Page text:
When Hagar and Yishmael were kicked out of Avraham's home, and were on the verge of death from thirst in the desert, G-d gave them a well. Yishmael was not judged for the evil he did that made him unacceptable to Avraham's home, or the evil he will do, and his children still do. Yishmael was repaid in terms of "ba'asher hu sham -- as he was there". The way your soul stands at that moment is the direct cause of reward or punishment.
The key to teshuvah is to make a basic character change. To take the character flaw associated with a given sin and eradicate it by conscious decision. As we said above, man is judged by what he is. After teshuvah, he is no longer the person who is capable of such a sin. By removing the flaw, he is that much closer to his potential. He no longer needs punishment to correct his behavior. The gap is that much smaller, and so the punishment is so much less.
In this context, teshuvah is more understandable. The Rambam, in Hilchos Teshuvah (2:1) says: "What is complete teshuvah? When the opportunity to do an aveira he did earlier comes to him, and he is able to do it, but he refrains from it, and doesn't do it - because of the teshuvah. Rav Yoseph Ber Soleveitchik ("Al Hateshuvah") explains, "the Baal Teshuvah says that he is a new man; the man who performed the sin no longer exists."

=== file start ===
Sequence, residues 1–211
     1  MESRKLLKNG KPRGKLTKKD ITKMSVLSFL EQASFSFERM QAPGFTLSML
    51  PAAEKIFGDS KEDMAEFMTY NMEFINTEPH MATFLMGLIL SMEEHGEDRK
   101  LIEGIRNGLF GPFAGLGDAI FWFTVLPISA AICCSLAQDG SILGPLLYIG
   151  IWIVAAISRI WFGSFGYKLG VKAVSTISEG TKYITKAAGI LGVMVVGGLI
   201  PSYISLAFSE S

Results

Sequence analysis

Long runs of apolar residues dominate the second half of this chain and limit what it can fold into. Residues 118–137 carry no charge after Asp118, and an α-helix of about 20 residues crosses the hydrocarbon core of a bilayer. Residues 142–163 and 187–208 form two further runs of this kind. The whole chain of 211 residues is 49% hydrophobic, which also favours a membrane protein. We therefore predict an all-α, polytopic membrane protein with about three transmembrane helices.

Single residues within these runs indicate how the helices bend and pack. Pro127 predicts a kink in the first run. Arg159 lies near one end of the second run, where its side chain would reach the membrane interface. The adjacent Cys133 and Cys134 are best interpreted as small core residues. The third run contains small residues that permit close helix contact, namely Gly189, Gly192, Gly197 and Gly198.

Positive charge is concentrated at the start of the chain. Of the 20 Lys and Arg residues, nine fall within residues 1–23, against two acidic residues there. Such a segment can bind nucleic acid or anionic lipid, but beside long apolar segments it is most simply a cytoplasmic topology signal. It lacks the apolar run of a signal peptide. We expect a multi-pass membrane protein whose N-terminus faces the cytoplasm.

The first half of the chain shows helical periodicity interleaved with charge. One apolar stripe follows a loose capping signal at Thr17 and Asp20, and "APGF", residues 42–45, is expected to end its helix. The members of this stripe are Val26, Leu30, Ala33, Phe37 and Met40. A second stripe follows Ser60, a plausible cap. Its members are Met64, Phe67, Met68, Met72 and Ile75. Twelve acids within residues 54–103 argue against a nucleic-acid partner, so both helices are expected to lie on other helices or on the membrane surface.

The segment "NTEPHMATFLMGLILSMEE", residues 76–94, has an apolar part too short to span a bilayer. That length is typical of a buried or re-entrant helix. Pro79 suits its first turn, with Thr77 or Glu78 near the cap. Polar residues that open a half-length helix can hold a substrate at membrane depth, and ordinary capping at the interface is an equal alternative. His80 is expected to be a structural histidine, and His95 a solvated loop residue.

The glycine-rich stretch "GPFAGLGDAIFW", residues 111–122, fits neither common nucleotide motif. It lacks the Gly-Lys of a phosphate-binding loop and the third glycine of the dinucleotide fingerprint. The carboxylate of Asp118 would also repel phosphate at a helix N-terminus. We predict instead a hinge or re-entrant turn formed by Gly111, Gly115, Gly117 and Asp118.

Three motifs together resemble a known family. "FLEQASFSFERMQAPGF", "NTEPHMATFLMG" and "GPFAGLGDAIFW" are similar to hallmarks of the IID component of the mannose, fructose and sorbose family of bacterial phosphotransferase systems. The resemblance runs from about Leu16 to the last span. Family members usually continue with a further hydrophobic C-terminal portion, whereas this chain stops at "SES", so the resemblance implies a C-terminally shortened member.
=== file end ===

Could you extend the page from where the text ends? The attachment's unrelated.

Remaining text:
Since, as R. Chaim Vilozhiner writes, punishment is the natural consequence of the flaw in your soul, by taking the effort to remove that flaw, the punishment disappears on its own.
Teshuvah meahavah, teshuvah caused by love of the Creator, causes the aveiros not just to be ignored, but even to be considered as mitzvos. Through teshuvah a person can improve himself to the extent of being beyond where he would have been had he not sinned. Each aveira should become something to regret, motivation for learning a lesson, so that each brings him closer to the ideal Hashem has for him.
Lishana tovah tiekateivu viteichateimu! May Hashem take our teshuvah and fulfill another pasuk of this week's parsahah, "And Hashem will return your captives, and have mercy upon you." (30:3)© 1995 The AishDas Society